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Discussion Starter · #1 ·
Hi everyone, hope you can help.
I've installed LED indicators on the front of my 2002 CBR600. I still have bulbs on the back.
I understand the need for resistors to trick the bike into thinking a bulb isn't out.
After fitting resistors to the LEDs on the front, they're still hyperflashing. My question is, do i need to fit all 4, even to the bulbs at the back or should I expect the resistors on the front to have done the job.
Thanks in advance.
Rob

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Ok, what size resistors? And, are you sure they are connected to a proper ground as well as the signal wires?
You can probably do without those resistors by just finding an electronic LED flasher to replace your mechanical one.
 

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To avoid using resistors altogether I use LED flashers ($12 at AutoZone) and/or CANBUS LEDs. These LEDs typically have built in resistors designed to fool computers that check light voltage, but they can be used to stop hyperflashing on old school setups.
 

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My first thought was that maybe the ECU needed updated but this bike is before that time. I'm not at all electrically oriented and WintrSol and Miss M are so listen to them. But I thought that maintaining incandescent on the rear would have created that needed draw. Is there some formula to determine the size resistor needed if a person chooses to go that route versus changing the flasher unit?
 

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My first thought was that maybe the ECU needed updated but this bike is before that time. I'm not at all electrically oriented and WintrSol and Miss M are so listen to them. But I thought that maintaining incandescent on the rear would have created that needed draw. Is there some formula to determine the size resistor needed if a person chooses to go that route versus changing the flasher unit?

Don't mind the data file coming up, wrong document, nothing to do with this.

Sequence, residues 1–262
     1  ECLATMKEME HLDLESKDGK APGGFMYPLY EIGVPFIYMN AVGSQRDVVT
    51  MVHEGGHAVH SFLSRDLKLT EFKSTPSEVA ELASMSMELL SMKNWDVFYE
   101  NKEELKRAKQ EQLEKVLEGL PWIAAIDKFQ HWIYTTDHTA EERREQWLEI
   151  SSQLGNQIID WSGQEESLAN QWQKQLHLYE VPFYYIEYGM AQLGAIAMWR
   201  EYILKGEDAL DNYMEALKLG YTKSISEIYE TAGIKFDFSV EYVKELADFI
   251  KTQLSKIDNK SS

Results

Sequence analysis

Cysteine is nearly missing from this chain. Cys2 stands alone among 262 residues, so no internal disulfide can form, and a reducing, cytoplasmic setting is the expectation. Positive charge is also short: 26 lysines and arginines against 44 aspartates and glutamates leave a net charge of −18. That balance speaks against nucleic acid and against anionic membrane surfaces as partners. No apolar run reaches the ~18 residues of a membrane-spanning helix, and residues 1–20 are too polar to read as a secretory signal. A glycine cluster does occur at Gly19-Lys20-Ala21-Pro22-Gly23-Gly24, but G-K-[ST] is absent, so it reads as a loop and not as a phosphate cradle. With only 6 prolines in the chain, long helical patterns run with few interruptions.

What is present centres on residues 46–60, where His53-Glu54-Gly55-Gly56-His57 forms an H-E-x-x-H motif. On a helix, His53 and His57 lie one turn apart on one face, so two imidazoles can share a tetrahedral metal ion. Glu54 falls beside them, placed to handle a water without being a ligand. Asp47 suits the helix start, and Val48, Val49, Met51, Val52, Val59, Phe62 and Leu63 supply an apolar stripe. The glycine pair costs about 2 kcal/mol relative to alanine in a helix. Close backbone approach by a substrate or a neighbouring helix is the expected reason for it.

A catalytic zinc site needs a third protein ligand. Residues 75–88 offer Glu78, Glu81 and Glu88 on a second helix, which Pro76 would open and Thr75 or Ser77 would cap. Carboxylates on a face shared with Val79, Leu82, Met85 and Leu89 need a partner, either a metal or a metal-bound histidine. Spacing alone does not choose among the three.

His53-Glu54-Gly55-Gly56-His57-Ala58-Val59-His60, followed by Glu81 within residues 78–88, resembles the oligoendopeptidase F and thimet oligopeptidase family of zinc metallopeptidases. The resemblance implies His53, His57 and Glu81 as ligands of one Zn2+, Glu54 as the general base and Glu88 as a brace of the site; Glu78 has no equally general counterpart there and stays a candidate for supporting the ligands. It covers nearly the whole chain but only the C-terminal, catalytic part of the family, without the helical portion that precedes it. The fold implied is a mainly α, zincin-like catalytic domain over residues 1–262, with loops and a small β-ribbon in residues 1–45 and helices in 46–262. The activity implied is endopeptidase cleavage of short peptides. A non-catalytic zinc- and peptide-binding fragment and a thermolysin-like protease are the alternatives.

The fast flashing is to indicate one bulb out, so you need the load, or equivalent, of two bulbs to flash normally. The equivalent resistance can be found by this formula: R = W/V. A typical bulb is about 21W, so R = 21/12, or 1.75 Ohms. Since that is not a standard value, find the next nearest; 1.8 or 2.2 will do. Of course, it will also use the same power, so you need one that can handle over 21W, or it won't last long. You also don't want it to lean against anything that can melt, like a plastic housing. All-in-all, a LED flasher is a much better choice, as long as you deal with the indicator on the dash board.
 

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Thanks. Hopefully that will help others that run into this in the future. That is, if they take the time to do some research first.
 

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Oops - old man brain. It's a bit more involved than that. My equation above gives the current, not the resistance. So, you get I = W/V, then R = V/I, so the actual value of R should be ~6.8 Ohms, which is a standard value. In a single equation, it would be R = V^2/W, or 144/21. Time for another single malt.
 

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WintrSol said:
Oops - old man brain. It's a bit more involved than that. My equation above gives the current, not the resistance. So, you get I = W/V, then R = V/I, so the actual value of R should be ~6.8 Ohms, which is a standard value. In a single equation, it would be R = V^2/W, or 144/21. Time for another single malt.
Now you're talking!!!
 

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Discussion Starter · #9 ·
Guys, thanks so much for all of your input. I shall take all that you've said and move forward on this one accordingly. Thanks again.

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